5. Sparkleneely, you just dropped a WHLOE BAG OF COOL... I am not sure I can recover! That was worthy of The New yorker, if only the general public had any idea what you were on about...

    AND Carlitos, I can't quite bring myself to admit how lame I used to look in 9th grade, but I will say that Meaty Beaty Big and Bouncy WAS my first Who album and I never looked back! And I love your surfer hair! Hee hee xoxo

  6. i use to wear houndstooth pants (with pleats), oversized button downs, ugly bass loafers (80s kind), and an oversized harrington. oh and a wallet chain to complete the outfit. i thought i was the business at my school. i am amazed how many people so far have mentioned houndstooth as part of their first ensemble.

    joining a subculture before the internet was tough. no google image, no nothing. if you are lucky you have older people or zines to get info from. but for most people, it is all about photos from record albums. i grew up in the suburbs so that was really tough.

    in the long run, being a mod was great when i transitioned over to the "bovver brigade". in that scene i was more clued up on the clothes and culture, in contrast to all those kids who came from the hardcore scene. however, that is an entirely different story.

  7. BRILLIANT stuff as always Carlos. Truth be told I did not acquire my first mod suit until 1992, that means...yep I was a mod for 12 years without a suit. It was light brown wool with orange and blue pinstripes, and when I grew to large I passed it onto my friend Joe.

  8. BTW you have one hip Dad. Actually I recall shortly after meeting you I was at another SF event and asked where you were and was told "Him and his dad went to see Bob Dylan"!! Your post brought back a bolt of nostalgia because it made me recall how in 1980 I was firmly convinced that "mod" was all about skinny ties and odd sunglasses. Having lots of thirfty relatives I scored major coups on the former.

  9. Karen, I've got a 98th thing for you to do: copy and paste that awesome post into your blog too... it's a great story!

    And yeah, Paul, at first, I totally thought 'Mod' was the new term for 'New Wave' because it wasn't really 'new' anymore!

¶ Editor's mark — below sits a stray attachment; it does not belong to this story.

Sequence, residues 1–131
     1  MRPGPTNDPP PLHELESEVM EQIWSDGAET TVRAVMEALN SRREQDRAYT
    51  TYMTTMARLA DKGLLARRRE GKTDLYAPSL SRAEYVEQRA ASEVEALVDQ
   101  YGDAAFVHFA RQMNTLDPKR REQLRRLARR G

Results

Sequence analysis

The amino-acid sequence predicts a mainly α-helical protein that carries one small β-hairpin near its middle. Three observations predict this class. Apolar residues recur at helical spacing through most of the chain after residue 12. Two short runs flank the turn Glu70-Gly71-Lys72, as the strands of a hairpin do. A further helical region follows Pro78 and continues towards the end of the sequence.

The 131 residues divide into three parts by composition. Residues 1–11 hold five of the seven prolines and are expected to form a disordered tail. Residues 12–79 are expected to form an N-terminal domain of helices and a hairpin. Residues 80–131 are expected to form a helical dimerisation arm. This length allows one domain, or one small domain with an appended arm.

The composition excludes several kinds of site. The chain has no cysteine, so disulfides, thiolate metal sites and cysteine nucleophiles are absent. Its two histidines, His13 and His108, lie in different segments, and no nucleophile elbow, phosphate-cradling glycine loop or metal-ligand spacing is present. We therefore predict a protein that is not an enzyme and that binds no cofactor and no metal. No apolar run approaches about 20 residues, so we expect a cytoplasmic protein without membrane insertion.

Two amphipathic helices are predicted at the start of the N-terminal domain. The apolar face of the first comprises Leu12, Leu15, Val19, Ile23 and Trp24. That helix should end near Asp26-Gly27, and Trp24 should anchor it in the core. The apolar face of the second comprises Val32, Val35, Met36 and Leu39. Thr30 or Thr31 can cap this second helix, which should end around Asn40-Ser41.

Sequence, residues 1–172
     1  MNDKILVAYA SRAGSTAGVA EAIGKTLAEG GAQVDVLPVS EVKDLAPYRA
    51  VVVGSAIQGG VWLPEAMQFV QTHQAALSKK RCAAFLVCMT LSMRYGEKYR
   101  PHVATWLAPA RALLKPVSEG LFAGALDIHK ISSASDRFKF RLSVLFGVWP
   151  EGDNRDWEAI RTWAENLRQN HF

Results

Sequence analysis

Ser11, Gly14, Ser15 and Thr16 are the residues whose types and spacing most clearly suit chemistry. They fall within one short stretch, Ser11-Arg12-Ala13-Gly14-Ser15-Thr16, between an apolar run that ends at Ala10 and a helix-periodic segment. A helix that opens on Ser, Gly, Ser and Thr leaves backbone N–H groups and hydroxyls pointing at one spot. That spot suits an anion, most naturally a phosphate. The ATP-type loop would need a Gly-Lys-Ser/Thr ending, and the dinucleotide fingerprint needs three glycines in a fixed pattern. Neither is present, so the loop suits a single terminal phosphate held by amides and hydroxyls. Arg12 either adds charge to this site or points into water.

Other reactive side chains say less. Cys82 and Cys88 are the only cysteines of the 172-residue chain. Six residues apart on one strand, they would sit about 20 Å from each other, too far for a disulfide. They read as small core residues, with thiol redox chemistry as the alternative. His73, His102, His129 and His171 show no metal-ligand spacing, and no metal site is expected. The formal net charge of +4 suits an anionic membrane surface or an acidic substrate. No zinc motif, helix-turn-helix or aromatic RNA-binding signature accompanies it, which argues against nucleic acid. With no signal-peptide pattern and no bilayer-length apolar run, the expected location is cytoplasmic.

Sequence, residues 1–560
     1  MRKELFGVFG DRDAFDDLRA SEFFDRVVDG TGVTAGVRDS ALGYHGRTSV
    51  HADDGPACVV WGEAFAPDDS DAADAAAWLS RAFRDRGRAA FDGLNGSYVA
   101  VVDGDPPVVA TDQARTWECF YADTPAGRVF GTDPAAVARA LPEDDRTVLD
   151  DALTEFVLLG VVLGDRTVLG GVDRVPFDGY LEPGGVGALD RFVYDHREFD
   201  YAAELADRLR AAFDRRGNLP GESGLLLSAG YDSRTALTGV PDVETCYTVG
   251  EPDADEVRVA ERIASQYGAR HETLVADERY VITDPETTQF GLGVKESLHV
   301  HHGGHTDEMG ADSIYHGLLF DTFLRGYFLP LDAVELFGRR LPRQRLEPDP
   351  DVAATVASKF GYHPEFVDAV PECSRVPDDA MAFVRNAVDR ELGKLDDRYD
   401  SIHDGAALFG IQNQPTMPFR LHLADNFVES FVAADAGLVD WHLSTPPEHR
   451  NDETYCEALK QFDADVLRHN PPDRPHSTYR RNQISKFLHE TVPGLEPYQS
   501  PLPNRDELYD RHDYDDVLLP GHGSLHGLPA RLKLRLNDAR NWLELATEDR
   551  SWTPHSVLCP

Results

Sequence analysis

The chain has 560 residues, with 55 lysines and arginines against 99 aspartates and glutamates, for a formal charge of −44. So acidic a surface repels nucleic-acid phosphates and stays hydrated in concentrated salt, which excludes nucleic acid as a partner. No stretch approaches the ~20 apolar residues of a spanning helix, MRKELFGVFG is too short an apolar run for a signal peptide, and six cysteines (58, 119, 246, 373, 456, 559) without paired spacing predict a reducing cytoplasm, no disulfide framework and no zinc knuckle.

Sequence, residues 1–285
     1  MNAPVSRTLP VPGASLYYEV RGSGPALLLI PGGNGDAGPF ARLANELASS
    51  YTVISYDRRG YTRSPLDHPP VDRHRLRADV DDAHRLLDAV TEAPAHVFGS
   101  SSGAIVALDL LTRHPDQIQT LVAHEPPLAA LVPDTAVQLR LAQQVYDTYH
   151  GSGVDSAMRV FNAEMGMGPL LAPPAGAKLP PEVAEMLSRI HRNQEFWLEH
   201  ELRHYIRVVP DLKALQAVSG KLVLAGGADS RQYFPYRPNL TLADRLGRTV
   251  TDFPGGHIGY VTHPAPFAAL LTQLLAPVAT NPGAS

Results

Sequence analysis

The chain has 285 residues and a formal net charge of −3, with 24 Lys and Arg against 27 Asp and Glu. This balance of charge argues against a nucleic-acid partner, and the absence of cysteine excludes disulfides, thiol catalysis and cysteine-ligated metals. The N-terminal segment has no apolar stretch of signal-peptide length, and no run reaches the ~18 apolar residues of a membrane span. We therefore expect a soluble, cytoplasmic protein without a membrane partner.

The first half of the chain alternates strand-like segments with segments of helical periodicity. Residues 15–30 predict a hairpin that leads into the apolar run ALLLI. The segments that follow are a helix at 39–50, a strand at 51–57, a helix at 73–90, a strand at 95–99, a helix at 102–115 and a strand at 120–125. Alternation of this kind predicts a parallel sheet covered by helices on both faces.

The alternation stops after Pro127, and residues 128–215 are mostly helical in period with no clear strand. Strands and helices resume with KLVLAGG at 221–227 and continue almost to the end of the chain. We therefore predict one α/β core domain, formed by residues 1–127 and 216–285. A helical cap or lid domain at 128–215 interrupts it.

Carrie, um, that's SKATER hair. (No, I didn't have a skateboard.)

    Eugene, bring back the wallet chain! (And then try dancing.)

    Bill, I think I remember Sean telling me about being in town that time. It's funny how so many of us mixed up elements of New Wave with what we thought was 'Mod'. It was confusing at first... I think I even once thought, "wait does this make Blondie Mod?"

  10. All I could find in Olympia was an array of psychedelic sun dresses (which I still wear today, actually) but no problem finding parkas!

  11. Daring and wonderful post, Carlos! Adorable pic too!

    After seeing Quadrophenia playing at Grossmont Center in La Mesa on it's initial run, I raided my Dad's closet. I found: a green 60s 2-button suit (at least with narrow lapels), a narrow striped tie, and some vintage white 60s tennis shoes. With one of my white high-polyester count dress shirts that I wore waiting tables at Farrell's I was all set. Again, it was more new wave than mod - what could be more new wave than a suit and skinny tie with sneakers? Shortly afterwards I discovered the wonders of thrift store shopping and added a London Fog 60s rain coat to my "mod" outfit (and some badges to pin on it of course!). I first wore the outfit to a punk show at the North Park Lions Club in San Diego, and got some laughs by the harder punks, but most people were cool. It was still the days when punk shows were a mix of punks, new wavers, and people still wearing long hair and bell bottoms (that totally changed by the end of 1980).

    During the course of the first half of 1980 my clothes and hair changed a lot, once I found other sources of mod culture like the Rolling Stone article in April of UK mods (, the Mods Mayday, Secret Affair, Purple Hearts, and Chords LPs, and of course the Mods Book, all stocked at the Off The Record and Blue Meanie stores. And then I found my beloved parka in an army surplus store in El Cajon!

    Karen: loved your comment as well!

  12. Oh yeah, my sister bought Meaty, Beaty, Big & Bouncy in the early 70s and I played it to death! I thought the kids in the photo were actually the band members when they were kids, ha!